Save

Pink Diamond Necklace Makes For World’s Most Expensive Barbie

The world’s most expensive Barbie is set to be offered at Christie’s auction house in New York for an estimated $300,000 to $500,000 on October 20th. Austrailian jewelry designer Stefano Canturi designed the diamond collar necklace which features a Cubist-style 1-carat emerald cut Fancy Pink diamond surrounded by 3 carats of smaller white diamonds in his signature baguette-cut geometric pattern. “I wanted the jewelry design to pay homage to Barbie’s modern yet timeless style over the ages,” said the designer. Canturi also arranged the doll’s black strapless dress, stilettos, hair as well as other features.

All proceeds will benefit the Breast Cancer Research foundation, in recognition of Breast Cancer Awareness Month. The world auction record for a Barbie was set in 2006 at Christie’s London when one sold for $17,091.

Save

Cullinan Blue Diamond Necklace on Display at Smithsonian Museum of Natural History

The Smithsonian Institution’s National Museum of Natural History unveiled its latest addition to the National Gem Collection, the Cullinan Diamond Necklace. Just like its neighbor, the Hope Diamond, this exquisite piece has an intriguing history.

The 30-carat Edwardian style jewel, features a unique structure that allows it to be worn as both a brooch and a necklace. A large oval shaped 2.61 carat Fancy Blue diamond of exquisite color drops from the center which is part of 5.61 carats total of extremely rare blue diamonds. 251 white diamonds surround the necklace curving into loops and then ribbons, creating an elaborate Edwardian-esque bow motif.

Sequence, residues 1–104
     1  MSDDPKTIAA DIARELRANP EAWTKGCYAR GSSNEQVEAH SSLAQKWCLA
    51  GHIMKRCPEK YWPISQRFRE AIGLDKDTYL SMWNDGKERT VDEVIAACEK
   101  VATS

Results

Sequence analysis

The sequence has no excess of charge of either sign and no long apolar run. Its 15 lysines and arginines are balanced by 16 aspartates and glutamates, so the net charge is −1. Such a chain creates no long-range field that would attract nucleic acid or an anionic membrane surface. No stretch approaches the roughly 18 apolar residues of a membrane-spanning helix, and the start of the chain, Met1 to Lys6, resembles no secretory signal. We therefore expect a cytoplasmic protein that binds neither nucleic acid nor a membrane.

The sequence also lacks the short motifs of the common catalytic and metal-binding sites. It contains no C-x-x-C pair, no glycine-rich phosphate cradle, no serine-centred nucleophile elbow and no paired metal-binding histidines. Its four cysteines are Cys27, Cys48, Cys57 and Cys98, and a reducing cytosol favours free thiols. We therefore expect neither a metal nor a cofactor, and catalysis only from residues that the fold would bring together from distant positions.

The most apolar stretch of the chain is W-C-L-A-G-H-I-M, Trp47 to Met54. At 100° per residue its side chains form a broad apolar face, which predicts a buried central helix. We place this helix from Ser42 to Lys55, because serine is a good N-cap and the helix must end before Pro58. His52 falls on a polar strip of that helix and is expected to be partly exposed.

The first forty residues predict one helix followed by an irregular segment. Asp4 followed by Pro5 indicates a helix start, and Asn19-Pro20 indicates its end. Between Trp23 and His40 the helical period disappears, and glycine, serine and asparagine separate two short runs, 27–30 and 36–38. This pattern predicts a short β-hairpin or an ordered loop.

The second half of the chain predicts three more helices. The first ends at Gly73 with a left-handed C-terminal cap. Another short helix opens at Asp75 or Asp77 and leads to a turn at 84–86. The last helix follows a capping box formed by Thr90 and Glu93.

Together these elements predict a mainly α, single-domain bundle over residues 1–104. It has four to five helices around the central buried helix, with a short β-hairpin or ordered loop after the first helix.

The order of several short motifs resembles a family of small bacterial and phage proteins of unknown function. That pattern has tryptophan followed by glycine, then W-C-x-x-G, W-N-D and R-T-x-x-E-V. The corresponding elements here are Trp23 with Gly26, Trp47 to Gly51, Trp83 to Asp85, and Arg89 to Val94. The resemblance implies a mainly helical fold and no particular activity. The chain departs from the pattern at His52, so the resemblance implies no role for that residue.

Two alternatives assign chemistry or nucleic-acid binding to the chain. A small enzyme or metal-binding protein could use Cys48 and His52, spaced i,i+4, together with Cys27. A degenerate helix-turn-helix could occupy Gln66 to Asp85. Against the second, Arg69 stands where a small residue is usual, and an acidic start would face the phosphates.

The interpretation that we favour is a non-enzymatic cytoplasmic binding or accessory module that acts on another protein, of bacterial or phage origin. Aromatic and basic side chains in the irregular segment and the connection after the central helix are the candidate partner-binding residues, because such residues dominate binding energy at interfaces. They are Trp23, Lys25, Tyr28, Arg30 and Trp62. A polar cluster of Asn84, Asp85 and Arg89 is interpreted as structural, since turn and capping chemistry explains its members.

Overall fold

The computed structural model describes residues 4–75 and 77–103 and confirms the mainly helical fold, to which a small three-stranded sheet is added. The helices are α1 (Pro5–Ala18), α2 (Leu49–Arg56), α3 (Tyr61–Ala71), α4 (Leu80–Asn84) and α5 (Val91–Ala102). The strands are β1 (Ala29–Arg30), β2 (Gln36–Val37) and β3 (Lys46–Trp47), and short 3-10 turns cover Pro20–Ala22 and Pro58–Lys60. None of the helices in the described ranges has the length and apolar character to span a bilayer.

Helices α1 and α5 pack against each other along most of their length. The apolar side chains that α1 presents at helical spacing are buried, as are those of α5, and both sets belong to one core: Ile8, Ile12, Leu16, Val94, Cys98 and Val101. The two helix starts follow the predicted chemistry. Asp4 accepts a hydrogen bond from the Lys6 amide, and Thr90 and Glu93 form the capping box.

Named after Thomas Cullinan, the famed South African explorer, the rough diamond weighed an astonishing 3,106.75 carats total before having been cut and polished. National Gem Collection Curator Jeffrey Post said “It was the largest rough diamond ever discovered”. Cullinan presented the piece to King Edward VII for his birthday which earned him his knighthood.

Honoring his own knighthood in 1910, he then had part of the diamond set into a necklace for his wife. The 9 blue diamonds represent the 9 pieces that were cut from the original stone. Four of the largest diamonds were placed into settings such as scepters, rings and crowns and are the main gemstones featured in the British Crown Jewels.

The Cullinan Blue necklace remained in the family until Sir Thomas’ great-granddaughter, Anne Robinson sold the heirloom to Stephen Silver in the early 1980’s. After three decades, Silver then sold it to an unnamed buyer who then in turn donated it to the museum.

Save